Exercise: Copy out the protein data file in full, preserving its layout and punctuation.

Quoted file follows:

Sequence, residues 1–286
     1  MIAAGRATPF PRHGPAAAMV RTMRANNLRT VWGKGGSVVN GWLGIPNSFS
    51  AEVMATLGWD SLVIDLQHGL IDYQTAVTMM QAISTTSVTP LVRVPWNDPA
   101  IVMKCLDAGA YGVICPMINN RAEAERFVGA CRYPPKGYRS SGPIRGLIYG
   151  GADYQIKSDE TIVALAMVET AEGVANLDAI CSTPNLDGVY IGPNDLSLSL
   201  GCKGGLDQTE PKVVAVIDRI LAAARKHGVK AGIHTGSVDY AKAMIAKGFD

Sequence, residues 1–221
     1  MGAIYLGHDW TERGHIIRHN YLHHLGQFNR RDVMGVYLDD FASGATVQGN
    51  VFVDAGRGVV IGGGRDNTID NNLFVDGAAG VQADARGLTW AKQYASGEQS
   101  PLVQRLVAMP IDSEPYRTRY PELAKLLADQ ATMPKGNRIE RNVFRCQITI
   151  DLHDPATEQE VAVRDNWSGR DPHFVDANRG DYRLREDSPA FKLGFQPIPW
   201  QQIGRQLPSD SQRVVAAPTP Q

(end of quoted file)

Sequence, residues 1–286
     1  MIAAGRATPF PRHGPAAAMV RTMRANNLRT VWGKGGSVVN GWLGIPNSFS
    51  AEVMATLGWD SLVIDLQHGL IDYQTAVTMM QAISTTSVTP LVRVPWNDPA
   101  IVMKCLDAGA YGVICPMINN RAEAERFVGA CRYPPKGYRS SGPIRGLIYG
   151  GADYQIKSDE TIVALAMVET AEGVANLDAI CSTPNLDGVY IGPNDLSLSL
   201  GCKGGLDQTE PKVVAVIDRI LAAARKHGVK AGIHTGSVDY AKAMIAKGFD

Sequence, residues 1–221
     1  MGAIYLGHDW TERGHIIRHN YLHHLGQFNR RDVMGVYLDD FASGATVQGN
    51  VFVDAGRGVV IGGGRDNTID NNLFVDGAAG VQADARGLTW AKQYASGEQS
   101  PLVQRLVAMP IDSEPYRTRY PELAKLLADQ ATMPKGNRIE RNVFRCQITI
   151  DLHDPATEQE VAVRDNWSGR DPHFVDANRG DYRLREDSPA FKLGFQPIPW
   201  QQIGRQLPSD SQRVVAAPTP Q